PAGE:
Wednesday, March 21 , 2018, 5:59 pm | Rain Fog/Mist 58º


Food from the Heart’s Kelly Onnen Working to Nourish Bodies and Souls

16-year-old nonprofit on quest to expand donor base so more meals can be provided to house-bound patients

[Noozhawk’s note: Kelly Onnen is board chairwoman of Food from the Heart and Robin Monroe is the organization’s director/chef. An earlier version of the story below was incorrect.]

Imagine you have a life-threatening illness that keeps you from leaving your home, and maybe even from moving freely from room to room. You have no family nearby, and although you may have a caretaker, he or she might be too tired to cook a nutritious meal for you at the end of a strenuous day.

Food from the Heart board chairwoman Kelly Onnen says she gets more out of the bags of meals she delivers for the volunteer program than she puts in. 'It's so good for me to be a part of that,' she says.
Food from the Heart board chairwoman Kelly Onnen says she gets more out of the bags of meals she delivers for the volunteer program than she puts in. “It’s so good for me to be a part of that,” she says. (Lara Cooper / Noozhawk photo)

Enter Food from the Heart, a local nonprofit organization that brings restaurant-quality, nutritious food to some of the community’s most fragile people. Food from the Heart delivers 126 bags of food per week to people in medical crisis or under the care of hospice or visiting nurses — which means the bags feed nearly 200 people.

“We’re the only contact for a lot of people,” said Kelly Onnen, the group’s new board chairwoman. “We say somebody still cares about you, and you are worth a visitor” and she thinks that’s what separates Food from the Heart from other meal delivery programs.

A volunteer with the organization for seven years, Onnen stepped in as board chairwoman in August when founder and then-director Evelyn Jacobs stepped down. Jacobs started the organization in 1994 as a way to meet the needs of people living with HIV/AIDS, and the operation has expanded its reach since then. Robin Monroe is Food from the Heart’s director and chef.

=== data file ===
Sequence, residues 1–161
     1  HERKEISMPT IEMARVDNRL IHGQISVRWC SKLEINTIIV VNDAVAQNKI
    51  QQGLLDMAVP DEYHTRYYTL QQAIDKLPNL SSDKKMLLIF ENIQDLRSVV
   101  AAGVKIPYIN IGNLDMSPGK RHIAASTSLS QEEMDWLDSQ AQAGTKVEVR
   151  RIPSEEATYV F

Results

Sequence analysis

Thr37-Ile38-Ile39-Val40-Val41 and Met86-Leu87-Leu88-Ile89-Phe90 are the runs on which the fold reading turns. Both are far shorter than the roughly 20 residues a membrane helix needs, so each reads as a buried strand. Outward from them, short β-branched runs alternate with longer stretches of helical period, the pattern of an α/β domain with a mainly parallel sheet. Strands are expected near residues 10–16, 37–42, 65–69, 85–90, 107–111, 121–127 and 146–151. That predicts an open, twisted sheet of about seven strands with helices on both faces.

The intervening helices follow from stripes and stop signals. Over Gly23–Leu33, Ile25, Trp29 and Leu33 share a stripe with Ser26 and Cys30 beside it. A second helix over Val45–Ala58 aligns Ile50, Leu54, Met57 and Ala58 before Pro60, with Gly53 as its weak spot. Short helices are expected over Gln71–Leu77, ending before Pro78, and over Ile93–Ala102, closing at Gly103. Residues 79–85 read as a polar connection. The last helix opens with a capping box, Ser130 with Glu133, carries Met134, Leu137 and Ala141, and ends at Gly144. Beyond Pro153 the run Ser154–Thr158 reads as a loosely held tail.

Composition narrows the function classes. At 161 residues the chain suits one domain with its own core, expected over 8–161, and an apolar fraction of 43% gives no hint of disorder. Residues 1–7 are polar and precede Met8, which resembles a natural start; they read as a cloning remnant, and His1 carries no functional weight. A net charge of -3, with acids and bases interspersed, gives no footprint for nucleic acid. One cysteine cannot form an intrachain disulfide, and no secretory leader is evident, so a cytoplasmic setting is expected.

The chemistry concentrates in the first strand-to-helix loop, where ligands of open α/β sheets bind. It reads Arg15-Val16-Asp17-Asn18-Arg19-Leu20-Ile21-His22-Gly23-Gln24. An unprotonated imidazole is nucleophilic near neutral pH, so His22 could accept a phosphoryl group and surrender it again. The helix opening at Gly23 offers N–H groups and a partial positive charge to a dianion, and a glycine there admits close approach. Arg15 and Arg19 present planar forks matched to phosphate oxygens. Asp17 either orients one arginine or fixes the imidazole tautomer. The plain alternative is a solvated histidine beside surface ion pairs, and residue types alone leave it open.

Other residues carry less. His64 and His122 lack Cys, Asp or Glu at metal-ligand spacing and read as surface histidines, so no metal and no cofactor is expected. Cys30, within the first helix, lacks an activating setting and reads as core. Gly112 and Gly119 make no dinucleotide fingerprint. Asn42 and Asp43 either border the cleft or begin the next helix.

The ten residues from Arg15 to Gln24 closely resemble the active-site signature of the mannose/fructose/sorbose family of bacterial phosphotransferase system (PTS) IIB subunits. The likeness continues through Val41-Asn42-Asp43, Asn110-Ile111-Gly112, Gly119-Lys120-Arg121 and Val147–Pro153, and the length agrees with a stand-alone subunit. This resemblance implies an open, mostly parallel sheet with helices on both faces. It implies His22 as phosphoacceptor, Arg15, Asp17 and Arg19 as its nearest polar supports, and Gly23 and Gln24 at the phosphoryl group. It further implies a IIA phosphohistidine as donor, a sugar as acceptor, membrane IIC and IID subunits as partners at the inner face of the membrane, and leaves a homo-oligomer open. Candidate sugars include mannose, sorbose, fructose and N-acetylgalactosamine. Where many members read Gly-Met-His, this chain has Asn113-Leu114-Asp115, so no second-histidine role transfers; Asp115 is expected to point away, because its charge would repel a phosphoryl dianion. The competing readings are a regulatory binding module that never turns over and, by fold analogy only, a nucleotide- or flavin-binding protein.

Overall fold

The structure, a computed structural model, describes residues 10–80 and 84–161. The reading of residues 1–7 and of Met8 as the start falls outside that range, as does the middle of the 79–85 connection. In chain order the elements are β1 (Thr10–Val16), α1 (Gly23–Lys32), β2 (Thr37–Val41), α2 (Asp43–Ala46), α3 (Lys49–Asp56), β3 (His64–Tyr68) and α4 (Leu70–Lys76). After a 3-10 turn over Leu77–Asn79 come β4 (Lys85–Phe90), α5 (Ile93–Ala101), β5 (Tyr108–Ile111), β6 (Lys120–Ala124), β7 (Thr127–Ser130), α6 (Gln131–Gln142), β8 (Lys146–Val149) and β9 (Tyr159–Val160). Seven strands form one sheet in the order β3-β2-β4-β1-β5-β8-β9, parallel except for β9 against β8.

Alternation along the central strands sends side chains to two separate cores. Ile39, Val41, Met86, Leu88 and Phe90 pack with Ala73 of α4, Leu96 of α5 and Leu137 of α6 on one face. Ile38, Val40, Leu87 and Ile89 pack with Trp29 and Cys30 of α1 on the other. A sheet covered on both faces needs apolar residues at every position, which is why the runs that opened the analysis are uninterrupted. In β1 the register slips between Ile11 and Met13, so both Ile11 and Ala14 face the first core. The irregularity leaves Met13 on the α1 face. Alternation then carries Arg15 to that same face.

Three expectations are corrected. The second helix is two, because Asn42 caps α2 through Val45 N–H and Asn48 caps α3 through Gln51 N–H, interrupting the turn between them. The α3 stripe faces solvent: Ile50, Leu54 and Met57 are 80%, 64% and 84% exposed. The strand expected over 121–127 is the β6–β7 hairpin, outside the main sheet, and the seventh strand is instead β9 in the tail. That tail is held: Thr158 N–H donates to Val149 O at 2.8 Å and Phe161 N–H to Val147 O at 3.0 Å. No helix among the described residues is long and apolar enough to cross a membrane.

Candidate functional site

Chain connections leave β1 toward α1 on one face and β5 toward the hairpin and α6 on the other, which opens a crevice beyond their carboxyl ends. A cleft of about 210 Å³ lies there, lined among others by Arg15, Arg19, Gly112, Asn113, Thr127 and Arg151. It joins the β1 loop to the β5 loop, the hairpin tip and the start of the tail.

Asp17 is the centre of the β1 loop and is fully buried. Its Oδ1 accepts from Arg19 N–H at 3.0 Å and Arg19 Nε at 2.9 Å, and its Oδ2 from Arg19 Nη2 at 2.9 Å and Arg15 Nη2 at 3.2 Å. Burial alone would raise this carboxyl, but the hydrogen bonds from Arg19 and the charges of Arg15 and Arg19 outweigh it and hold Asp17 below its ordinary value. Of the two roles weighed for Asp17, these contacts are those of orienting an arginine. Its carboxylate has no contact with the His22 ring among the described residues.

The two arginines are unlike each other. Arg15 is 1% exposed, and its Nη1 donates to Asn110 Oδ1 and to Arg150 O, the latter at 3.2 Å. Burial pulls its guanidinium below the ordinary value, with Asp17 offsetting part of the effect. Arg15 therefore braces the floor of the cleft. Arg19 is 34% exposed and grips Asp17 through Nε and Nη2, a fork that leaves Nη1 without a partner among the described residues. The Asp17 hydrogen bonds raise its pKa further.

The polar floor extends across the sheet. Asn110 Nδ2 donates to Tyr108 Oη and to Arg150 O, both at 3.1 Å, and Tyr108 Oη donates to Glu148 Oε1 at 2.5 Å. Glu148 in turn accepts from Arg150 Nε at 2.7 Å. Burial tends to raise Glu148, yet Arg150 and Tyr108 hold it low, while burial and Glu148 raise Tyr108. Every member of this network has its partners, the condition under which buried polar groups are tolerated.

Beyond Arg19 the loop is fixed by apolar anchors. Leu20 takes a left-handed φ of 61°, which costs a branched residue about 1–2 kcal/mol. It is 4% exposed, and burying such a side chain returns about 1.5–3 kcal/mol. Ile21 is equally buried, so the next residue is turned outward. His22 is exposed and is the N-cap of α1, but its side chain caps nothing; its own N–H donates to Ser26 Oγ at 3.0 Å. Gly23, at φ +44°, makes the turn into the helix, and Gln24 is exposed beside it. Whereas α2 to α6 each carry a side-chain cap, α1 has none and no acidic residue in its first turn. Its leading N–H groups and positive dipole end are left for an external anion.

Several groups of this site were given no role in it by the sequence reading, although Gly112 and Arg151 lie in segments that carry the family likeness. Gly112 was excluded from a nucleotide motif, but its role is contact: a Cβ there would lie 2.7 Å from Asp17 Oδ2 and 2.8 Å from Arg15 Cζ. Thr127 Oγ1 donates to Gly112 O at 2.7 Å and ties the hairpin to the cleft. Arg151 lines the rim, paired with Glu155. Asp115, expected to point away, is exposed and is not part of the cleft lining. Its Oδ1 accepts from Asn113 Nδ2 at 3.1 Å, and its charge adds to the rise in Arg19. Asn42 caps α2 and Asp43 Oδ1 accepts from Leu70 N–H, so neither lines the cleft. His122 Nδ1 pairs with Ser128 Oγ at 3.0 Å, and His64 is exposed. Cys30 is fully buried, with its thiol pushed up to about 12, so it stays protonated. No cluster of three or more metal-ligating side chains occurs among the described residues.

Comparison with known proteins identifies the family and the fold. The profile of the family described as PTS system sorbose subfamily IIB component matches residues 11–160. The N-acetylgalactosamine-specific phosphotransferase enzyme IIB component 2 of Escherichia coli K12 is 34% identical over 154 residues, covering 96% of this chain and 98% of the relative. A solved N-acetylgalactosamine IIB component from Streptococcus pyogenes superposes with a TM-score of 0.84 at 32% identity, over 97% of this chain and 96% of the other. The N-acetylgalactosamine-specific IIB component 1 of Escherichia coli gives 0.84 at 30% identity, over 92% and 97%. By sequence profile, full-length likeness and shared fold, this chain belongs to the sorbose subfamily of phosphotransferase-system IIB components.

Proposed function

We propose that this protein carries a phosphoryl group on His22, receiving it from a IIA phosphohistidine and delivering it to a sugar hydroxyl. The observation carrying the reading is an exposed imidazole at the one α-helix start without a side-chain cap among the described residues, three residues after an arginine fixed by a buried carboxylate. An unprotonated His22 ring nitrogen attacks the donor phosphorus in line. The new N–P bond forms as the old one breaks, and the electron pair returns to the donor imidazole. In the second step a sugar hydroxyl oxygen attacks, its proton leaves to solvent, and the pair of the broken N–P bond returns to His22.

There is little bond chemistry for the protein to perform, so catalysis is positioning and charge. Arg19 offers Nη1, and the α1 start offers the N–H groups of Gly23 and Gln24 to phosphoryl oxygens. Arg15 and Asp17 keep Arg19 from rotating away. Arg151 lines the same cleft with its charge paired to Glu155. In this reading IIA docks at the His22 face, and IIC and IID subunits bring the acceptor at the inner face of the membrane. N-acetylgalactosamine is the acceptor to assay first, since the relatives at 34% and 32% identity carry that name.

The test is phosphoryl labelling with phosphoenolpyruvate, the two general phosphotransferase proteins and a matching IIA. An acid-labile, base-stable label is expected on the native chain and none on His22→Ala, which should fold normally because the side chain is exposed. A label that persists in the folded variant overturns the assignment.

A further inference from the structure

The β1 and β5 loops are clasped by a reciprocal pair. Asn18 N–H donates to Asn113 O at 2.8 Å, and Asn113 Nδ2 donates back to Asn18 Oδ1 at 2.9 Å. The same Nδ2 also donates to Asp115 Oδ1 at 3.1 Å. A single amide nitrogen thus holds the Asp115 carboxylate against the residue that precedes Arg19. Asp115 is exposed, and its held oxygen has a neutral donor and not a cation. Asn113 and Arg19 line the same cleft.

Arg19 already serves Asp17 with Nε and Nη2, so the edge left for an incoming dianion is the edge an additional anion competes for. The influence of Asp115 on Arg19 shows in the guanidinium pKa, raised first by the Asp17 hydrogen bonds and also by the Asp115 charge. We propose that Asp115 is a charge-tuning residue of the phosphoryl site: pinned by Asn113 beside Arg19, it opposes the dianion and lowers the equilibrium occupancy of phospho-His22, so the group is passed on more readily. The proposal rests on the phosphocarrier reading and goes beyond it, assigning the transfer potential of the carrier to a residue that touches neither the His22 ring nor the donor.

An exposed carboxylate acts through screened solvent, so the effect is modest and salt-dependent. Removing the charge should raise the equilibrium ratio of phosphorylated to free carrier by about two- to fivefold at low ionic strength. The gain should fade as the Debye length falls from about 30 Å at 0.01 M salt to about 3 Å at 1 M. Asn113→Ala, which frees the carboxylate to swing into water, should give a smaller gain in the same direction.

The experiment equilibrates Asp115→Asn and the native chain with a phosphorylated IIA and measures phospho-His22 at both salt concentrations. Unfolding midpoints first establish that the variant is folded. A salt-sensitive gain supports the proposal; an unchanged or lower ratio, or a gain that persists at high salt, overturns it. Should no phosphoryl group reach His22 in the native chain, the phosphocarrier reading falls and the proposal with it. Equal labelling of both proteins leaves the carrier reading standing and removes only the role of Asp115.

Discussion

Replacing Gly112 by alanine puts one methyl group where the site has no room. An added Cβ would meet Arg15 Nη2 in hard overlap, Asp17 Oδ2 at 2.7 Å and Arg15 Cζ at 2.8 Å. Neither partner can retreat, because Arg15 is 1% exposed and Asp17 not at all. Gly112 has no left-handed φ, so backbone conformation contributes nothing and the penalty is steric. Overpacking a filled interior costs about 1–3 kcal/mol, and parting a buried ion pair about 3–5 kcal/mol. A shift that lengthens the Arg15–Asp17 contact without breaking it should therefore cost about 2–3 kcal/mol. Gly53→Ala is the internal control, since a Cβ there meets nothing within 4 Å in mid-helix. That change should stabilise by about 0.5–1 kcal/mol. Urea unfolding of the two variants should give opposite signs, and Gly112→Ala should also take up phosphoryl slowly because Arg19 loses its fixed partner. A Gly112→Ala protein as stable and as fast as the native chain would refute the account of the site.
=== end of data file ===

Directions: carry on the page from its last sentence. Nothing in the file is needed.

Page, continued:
But unless you’re receiving the meals, you probably haven’t heard of Food from the Heart.

“We’re kind of Santa Barbara’s best-kept secret,” said Onnen, adding that it’s something she’s trying to change.

Onnen has served on boards of more established nonprofit organizations, and compares Food from the Heart’s structure to that of a start-up company. Things like overhauling the Web site, rewriting by-laws and other efforts are all under way. But Onnen knows more than a thing or two about getting a business running; she started Santa Barbara Airbus with her husband, Eric.

She bowed out to stay home and raise the couple’s two daughters, but became active in the volunteer world. When she began to volunteer for Food from the Heart, it was a natural fit for Onnen, who loves to cook. She began taking her daughters with her as she worked in the kitchen and delivered meals, and the experience has been both eye-opening and humbling for her.

“My life is good. We’ve had a lot of opportunities,” she said. But delivering the bags presents “a reality check. It’s so good for me to be a part of that.”

Food from the Heart is also looking for more donors so it can expand to meet more of the community’s needs. Although it’s trying to grow enough to bring meals to the homeless, “we’re maxed out where we are now,” Onnen said. The organization works from a donated space at Trinity Evangelical Lutheran Church, 909 N. La Cumbre Road, and receives donations from All Saints By-the-Sea Episcopal Church, Community West Bank, Foodbank of Santa Barbara County, Jordano’s, Montecito Bank & Trust, Our Daily Bread, Santa Barbara Bank & Trust and Whole Foods.

Food from the Heart is in need of corporate sponsors that might be able to donate meat, herbs and spices, all of which the organization must pay full price for.

People looking to donate may offer to sponsor a client for their food needs for the month, which amounts to $55 for four bags. If it sounds cheap, that’s because it is. Monroe goes to the Foodbank to survey what food is available and then creates a menu based on that, which is different every week and all restaurant-quality, according to Onnen.

Then 65 volunteers, a group Onnen says refers to each other as family, meet to prep, cook, package and deliver the made-from-scratch meals. Each bag also includes dessert, always a special treat, especially for someone battling illness.

Onnen said she’s amazed by the amount of food that Food from the Heart is able to prepare each week, and more volunteers are welcome. To get the word out to potential donors, she’s also planning a series of “Chef’s Table” events at which guests will have lunch at the Food from the Heart kitchen, served up what’s being prepared and getting a front row seat to the activity in the kitchen.

Click here for more information about Food from the Heart, or call Onnen at 805.451.7174. Click here to make an online donation to Food from the Heart.

Noozhawk staff writer Lara Cooper can be reached at .(JavaScript must be enabled to view this email address). Follow Noozhawk on Twitter: @noozhawk or @NoozhawkNews. Become a fan of Noozhawk on Facebook.

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